Ku Klux Klan cross-burning rally in Denver's Ruby Hill Park

Ku Klux Klan cross burning in Denver Ruby Hill Park in the 1920s. (Denver Public Library; Western History Photographic Collection; photo by Harry M. Rhoads.)

Denver Mayor Benjamin F. Stapleton is remembered for overseeing several major projects in the city during his time in office, first in the 1920s and again in the 1930s.

The Valley Highway, which later became Interstate 25; Red Rocks Amphitheatre; much of the Denver water system; and Denver’s mountain parks all were built on his watch.

And so was the municipal airport that would later bear his name.

But in recent years, Stapleton has been remembered for a darker part of his legacy – his involvement with the Ku Klux Klan, which gained enormous clout both in Denver and in Colorado in the 1920s.

The airport is long gone, but the controversy over Stapleton and his role with the Klan has flared again as advocates seek to strip his name from the community that has sprung up on the former airport land.

The KKK arrived in Colorado in 1921 and quickly established 66 "Klaverns" or chapters throughout the state with the first being in Denver.

Former Denver Mayor Benjamin F. Stapleton

Former Denver Mayor Benjamin F. Stapleton. (Denver Public Library; Western History Photographic Collection; photo by Harry M. Rhoads.)

The Klan’s arrival came just two years before Stapleton, a Democrat and an attorney, had launched his political career with his first run for mayor in 1923.

According to Robert Goldberg, a University of Utah historian who wrote a 1981 book “Hooded Empire – the Ku Klux Klan in Colorado,” the support Stapleton received from the Klan would prove decisive in that first election.

On the surface, Stapleton renounced groups like the Klan, saying that “True Americanism needs no mask or disguise. Any attempt to stir racial prejudice or intolerance is contrary to our constitution and is therefore, unamerican.”

Such statements were standard practice for politicians of that era, Goldberg said.

But in practice, Stapleton had formed a friendship with John Galen Locke, the Grand Dragon of the Klan in Colorado, Goldberg said.

And Stapleton had joined the Klan. He was listed on a Klan roster as member No. 1128.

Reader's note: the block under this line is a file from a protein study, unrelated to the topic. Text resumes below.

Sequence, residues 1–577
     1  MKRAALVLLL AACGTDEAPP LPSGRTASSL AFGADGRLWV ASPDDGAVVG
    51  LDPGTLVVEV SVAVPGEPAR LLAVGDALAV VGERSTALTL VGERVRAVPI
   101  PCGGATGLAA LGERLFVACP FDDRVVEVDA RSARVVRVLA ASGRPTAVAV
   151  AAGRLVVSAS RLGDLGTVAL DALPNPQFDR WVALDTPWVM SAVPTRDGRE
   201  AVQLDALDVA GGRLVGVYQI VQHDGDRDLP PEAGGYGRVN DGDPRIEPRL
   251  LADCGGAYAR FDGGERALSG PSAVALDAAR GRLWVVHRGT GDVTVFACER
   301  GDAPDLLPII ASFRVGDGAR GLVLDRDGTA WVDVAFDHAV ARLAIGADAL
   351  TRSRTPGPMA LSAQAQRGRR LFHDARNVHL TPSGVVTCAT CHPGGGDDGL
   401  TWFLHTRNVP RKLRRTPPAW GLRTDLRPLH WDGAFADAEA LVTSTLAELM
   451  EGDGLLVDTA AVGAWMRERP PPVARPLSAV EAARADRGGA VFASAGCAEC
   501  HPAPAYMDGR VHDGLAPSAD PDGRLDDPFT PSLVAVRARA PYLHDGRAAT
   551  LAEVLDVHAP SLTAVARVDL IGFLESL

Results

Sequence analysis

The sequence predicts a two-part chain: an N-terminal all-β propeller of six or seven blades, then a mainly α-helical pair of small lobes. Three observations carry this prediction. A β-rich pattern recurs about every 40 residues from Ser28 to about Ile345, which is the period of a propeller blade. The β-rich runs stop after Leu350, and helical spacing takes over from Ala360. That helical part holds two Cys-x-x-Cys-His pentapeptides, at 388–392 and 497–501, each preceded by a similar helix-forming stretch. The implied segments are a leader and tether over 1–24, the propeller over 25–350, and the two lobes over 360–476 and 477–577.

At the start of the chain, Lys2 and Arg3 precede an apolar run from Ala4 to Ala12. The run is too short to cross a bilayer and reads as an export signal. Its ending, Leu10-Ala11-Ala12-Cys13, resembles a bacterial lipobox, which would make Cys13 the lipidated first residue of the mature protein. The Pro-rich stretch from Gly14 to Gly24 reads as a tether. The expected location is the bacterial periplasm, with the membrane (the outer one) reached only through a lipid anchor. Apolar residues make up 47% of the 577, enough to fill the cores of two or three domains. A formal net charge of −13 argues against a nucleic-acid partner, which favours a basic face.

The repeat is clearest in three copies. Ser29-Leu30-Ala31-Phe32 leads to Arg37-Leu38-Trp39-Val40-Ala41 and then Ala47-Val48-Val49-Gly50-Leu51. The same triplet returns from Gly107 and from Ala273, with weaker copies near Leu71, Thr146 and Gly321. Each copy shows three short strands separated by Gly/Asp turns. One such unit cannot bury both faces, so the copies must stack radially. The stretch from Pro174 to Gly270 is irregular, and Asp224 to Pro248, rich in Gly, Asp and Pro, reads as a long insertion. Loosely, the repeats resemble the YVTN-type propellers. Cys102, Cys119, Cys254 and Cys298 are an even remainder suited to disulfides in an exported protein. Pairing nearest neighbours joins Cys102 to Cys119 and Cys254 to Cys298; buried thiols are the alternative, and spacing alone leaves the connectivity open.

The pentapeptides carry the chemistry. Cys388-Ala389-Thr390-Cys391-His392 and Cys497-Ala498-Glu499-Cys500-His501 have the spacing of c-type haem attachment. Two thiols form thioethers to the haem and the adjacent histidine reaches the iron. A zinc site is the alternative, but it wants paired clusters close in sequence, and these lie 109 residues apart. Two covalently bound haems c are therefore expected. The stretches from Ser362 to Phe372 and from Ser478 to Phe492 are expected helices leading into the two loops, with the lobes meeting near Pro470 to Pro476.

Goldberg noted people joined the Klan during that time for a variety of reasons.

Some were anti-Catholic, anti-Semitic or racists. But many joined for other reasons, Goldberg said. Denver had a crime problem at the time and the Klan offered a law-and-order platform.

He said the Klan also wielded economic power. It published a list of merchants who had joined the Klan and displayed them at meeting with the letters KIGY, meaning “Klansman I greet you.’’

And Stapleton was more than simply a member of the Klan. As mayor he appointed Klansmen to several top posts including manager of safety, clerk and recorder, city attorney, parks manager and city accountant, Goldberg said.

He said Klansmen also infiltrated the police department and controlled the lower courts, inserting the Klan roster into the jury pool.

While facing a recall election in July 1924, Stapleton’s support for the Klan was full-throated, according to a story in The Denver Post.

“I have little to say,” The Post quoted Stapleton as saying. “Except that I will work with the Klan and for the Klan in the coming election heart and soul. And if I am re-elected, I shall give the Klan the kind of administration it wants.”

The Klan’s grip on Denver began to fade in 1925 and the alliance between Stapleton and Locke came to an end, Goldberg said.

On Good Friday 1925, Stapleton ordered a series of raids on bootleggers, gamblers and prostitutes that exposed a system of bribes and payoffs that involved a Klan vice squad, Goldberg said

Locke was removed from his Klan position by the Grand Wizard in Georgia. The Colorado Klan split into two factions. Once led by Locke called itself the Minutemen and dressed like soldiers in the American Revolution.

The Klan relocated from Denver to Cañon City, where by 1930 Goldberg said its funds were exhausted and its members dispersed.

Goldberg is aware of the debate underway over Stapleton and gave a talk last year at a community forum along with two other historians.

Asked what advice he would give to Stapleton property owners who will vote to decide the issue of the neighborhood's name, Goldberg hesitated, noting that he is not a Colorado resident.

But he added: "Ben Stapleton made what I call dark compromises with his conscience. ... He does not reflect the highest values of the community. And I think they should keep that in mind when they vote.”

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